Crossing Borders
Independence Day
Seeds of Change
Life in the Crossfire
American in Israel
Kids Speak Out

Kids Speak Out
Kids in the Middle East Struggle With the Terms of Peace
by Middle East Correspondent Courtney Kealy
Special to Scholastic News

Young people on both sides of the conflict have mixed feelings about the prospects of peace.

Palestinian kids cover their faces and carry rocks through the streets of their villages as violence between Palestinians and Israelis continues.

Photo Credit: Courtney Kealy, Special to Scholastic News.
The kids pictured below live in the towns of Beit Jala and Gilo, which face each other across a rocky valley. A neighborhood of Jerusalem, Gilo is a Jewish settlement built after the 1967 war. A week before Scholastic News spoke with the kids below, unidentified Palestinian gunmen started shooting at Gilo from the Arab West Bank village of Beit Jala. Israeli soldiers responded with tanks and attack helicopters.

After a night disturbed by bursts of machine-gun fire and rockets, the children of both villages still walked to school the next day. They look much like American kids, dressed in Chicago Bulls and New York Yankees hats, carrying their books in backpacks. Most speak English, but the kids from Gilo speak Hebrew as their main language, and the kids of Beit Jala speak Arabic.

They were asked, as they hurried to school, if they believed peace was possible and what they could do to live peacefully with their neighbors.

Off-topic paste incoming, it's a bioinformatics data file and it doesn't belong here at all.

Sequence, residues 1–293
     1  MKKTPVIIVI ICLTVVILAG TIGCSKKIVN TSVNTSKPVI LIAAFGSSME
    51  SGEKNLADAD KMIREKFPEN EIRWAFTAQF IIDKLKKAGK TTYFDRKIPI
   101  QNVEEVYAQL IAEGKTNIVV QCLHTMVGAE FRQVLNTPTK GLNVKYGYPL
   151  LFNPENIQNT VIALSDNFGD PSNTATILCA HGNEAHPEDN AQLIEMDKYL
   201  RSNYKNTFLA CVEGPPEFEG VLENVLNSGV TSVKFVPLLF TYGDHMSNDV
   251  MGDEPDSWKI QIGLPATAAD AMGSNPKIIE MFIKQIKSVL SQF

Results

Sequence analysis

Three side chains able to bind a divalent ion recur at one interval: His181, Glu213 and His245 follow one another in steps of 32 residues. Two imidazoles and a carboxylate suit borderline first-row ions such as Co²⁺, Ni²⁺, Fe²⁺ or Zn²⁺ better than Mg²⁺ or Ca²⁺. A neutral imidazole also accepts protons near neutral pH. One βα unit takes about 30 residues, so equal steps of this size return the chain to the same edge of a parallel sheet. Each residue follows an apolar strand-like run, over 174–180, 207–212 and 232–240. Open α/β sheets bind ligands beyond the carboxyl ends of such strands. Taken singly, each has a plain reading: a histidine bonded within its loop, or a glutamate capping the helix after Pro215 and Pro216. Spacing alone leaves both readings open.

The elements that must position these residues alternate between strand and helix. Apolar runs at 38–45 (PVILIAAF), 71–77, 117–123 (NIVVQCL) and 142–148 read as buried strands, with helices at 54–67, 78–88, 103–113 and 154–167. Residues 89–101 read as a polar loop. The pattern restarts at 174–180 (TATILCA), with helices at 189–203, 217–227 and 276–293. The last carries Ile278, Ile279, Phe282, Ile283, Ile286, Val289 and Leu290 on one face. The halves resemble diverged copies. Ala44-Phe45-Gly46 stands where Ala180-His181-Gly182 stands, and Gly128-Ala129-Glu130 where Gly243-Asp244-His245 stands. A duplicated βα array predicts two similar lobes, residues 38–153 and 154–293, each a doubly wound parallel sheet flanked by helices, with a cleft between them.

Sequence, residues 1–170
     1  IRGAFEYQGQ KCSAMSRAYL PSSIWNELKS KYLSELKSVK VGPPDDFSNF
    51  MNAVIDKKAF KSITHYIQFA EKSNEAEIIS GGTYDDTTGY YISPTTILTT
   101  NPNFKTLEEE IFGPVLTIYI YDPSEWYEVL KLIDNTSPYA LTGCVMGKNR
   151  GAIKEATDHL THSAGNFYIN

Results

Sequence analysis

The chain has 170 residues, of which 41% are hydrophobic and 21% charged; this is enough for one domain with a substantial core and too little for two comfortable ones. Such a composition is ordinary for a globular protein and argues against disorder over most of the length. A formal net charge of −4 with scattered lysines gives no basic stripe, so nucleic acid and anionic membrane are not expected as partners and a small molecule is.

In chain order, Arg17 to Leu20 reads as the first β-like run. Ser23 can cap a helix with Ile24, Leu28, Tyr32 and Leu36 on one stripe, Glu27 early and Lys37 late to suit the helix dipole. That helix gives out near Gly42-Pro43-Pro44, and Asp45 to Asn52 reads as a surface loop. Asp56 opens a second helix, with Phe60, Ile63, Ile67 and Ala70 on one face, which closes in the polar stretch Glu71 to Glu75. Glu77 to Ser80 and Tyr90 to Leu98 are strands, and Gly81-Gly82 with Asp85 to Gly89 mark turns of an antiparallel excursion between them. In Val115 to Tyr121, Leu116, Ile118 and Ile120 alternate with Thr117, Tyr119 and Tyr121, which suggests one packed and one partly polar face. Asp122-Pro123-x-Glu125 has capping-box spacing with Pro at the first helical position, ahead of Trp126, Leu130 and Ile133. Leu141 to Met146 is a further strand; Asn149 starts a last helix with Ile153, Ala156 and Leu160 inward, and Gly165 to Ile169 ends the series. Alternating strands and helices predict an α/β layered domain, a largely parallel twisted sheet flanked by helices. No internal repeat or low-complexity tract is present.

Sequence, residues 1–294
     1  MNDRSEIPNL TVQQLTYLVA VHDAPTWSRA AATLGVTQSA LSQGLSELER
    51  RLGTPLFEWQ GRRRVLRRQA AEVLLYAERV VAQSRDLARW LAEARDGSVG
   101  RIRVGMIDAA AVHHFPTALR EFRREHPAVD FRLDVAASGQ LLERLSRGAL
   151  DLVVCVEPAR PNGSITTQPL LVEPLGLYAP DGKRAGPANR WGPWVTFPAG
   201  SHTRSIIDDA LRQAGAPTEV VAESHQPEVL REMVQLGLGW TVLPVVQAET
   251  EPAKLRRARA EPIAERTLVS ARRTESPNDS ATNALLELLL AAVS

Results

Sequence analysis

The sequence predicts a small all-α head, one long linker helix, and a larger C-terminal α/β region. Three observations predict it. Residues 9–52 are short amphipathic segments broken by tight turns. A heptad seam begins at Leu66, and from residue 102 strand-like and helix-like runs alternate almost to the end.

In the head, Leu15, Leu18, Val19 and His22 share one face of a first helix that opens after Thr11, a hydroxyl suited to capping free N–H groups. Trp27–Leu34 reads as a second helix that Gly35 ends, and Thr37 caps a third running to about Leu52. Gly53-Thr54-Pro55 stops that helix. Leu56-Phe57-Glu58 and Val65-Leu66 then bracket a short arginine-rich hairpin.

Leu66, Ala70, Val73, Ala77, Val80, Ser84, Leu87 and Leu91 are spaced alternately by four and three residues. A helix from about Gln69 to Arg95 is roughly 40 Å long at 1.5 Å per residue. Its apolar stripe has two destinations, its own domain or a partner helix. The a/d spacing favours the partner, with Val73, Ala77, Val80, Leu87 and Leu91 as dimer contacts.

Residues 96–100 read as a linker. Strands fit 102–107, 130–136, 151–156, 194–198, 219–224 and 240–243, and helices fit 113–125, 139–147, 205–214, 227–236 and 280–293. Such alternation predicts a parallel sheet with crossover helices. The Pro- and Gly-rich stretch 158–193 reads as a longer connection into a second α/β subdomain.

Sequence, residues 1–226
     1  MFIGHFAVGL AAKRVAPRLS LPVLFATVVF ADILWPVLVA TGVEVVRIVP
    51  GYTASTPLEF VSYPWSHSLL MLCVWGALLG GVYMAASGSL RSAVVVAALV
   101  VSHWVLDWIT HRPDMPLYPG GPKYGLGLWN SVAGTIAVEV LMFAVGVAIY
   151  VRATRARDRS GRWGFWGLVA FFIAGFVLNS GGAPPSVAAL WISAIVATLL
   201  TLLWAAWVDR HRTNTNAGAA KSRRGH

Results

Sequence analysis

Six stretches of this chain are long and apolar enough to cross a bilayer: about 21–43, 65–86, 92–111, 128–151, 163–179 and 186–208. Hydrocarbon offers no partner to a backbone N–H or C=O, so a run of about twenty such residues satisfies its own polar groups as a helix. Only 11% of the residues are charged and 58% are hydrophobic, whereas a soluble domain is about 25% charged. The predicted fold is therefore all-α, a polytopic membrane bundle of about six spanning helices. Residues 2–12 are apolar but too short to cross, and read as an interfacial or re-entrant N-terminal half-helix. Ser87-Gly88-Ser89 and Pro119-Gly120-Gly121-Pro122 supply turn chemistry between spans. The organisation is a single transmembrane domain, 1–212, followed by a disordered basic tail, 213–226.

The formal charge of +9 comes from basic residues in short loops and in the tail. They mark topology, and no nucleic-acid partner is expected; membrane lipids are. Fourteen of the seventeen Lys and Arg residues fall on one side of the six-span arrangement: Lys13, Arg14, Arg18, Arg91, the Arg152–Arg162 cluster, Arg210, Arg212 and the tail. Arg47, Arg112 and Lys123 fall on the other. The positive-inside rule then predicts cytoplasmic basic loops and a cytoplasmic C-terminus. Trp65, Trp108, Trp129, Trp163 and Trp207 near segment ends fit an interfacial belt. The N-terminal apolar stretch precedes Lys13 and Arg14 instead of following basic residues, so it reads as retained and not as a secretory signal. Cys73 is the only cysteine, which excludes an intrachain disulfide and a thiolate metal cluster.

Inshallah (God willing), I wish we were living in peace. I think there is no safety. I cannot live with someone from the other side because they are killing us. We cannot play with them because they hate us.
—Haza Meslit, 11, whose house in Beit Jala was fired on by an Israeli tank Monday night. She is pictured with her brothers and sister.

There cannot be peace. They are occupying our land and want to take our land. I could not live with them, since they are occupying our land. I wish we could all live like humans.
—Jihad Zeida, 8, Haza's neighbor in Beit Jala

They are bombing us, what kind of peace is this? They would have to give us back our al-Aqsa mosque [for peace]. I think there will never be peace. Even if there is, it will not be the kind of peace that we're asking. If we don't get real peace, let there be war. Before I thought I wouldn't mind if Jewish people lived with us, but now it is impossible. They have to return our occupied lands, release all the prisoners.
—Shadi Masalmeh, 14, Beit Jala

No one has to prove they're stronger to prove their power. If they want peace we will accept it, but they don't want peace, they want to fight. I couldn't live with someone from the other side.
—Kayan Al Selfi, 15, Beit Jala


I don't think there can be peace because of the situation now. Everything has to change. The Arabs need to be softer and to stop. We live close to Arabs, I have a few Arab neighbors as friends, so, yes, you can live with them.
—Serge Revivo, 13, Gilo

I want peace but I don't want Israel to give the Arabs Jerusalem or any more places after what they've done. I think I could live with them, but then I think what if they did something to us? We could live just fine together, but then what if they start shooting us?
—Mayan Perez, 13, Gilo

I'm scared. Arafat promised to make peace, but then he asked his people to fight. We are angry about this. Arafat must tell his people to stop fighting and must really sit down and make peace. I couldn't live with them, because I don't trust them. I saw kids of 12, 13, and 14 years old throwing stones, and with machine guns.
—Livon Uzan, 13, Gilo, with her friend Efrat Dov, 13

to Special Issues Online Main Page to 2002 Winter Olympic Games Main Page